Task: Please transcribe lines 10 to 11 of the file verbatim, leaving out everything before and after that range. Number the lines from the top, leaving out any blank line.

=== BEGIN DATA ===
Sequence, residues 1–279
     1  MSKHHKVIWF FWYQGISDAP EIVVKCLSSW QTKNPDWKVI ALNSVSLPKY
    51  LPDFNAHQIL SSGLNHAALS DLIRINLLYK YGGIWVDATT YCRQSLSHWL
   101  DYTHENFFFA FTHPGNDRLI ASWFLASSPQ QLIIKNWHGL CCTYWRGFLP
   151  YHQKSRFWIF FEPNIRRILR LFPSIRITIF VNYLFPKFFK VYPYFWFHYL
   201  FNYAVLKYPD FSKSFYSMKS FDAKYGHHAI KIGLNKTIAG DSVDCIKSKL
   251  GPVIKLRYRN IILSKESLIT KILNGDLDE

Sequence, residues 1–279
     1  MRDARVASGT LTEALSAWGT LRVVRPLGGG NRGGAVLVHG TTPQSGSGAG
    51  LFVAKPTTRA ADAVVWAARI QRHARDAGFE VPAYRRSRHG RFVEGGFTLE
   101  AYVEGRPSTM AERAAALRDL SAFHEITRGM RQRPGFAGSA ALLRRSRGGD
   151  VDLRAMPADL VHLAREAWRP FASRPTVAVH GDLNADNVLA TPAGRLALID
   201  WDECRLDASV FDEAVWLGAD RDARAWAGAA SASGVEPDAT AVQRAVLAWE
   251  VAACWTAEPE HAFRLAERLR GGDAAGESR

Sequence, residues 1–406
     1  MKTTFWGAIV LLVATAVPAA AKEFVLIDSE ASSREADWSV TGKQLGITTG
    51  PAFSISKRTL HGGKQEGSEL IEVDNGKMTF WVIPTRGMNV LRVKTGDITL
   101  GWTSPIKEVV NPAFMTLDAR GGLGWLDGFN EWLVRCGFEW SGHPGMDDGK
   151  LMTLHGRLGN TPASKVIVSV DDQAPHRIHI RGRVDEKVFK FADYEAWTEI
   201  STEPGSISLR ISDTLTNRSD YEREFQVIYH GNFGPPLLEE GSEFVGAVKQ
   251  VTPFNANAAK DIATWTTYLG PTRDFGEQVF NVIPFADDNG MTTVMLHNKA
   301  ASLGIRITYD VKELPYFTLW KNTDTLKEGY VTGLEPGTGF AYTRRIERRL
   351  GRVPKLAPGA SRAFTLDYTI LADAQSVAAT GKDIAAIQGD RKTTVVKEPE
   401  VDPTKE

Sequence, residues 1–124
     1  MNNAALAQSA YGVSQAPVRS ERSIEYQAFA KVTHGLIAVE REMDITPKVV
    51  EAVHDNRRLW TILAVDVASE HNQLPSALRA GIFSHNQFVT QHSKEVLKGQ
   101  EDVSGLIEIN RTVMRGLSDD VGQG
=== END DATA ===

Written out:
    51  LFVAKPTTRA ADAVVWAARI QRHARDAGFE VPAYRRSRHG RFVEGGFTLE
   101  AYVEGRPSTM AERAAALRDL SAFHEITRGM RQRPGFAGSA ALLRRSRGGD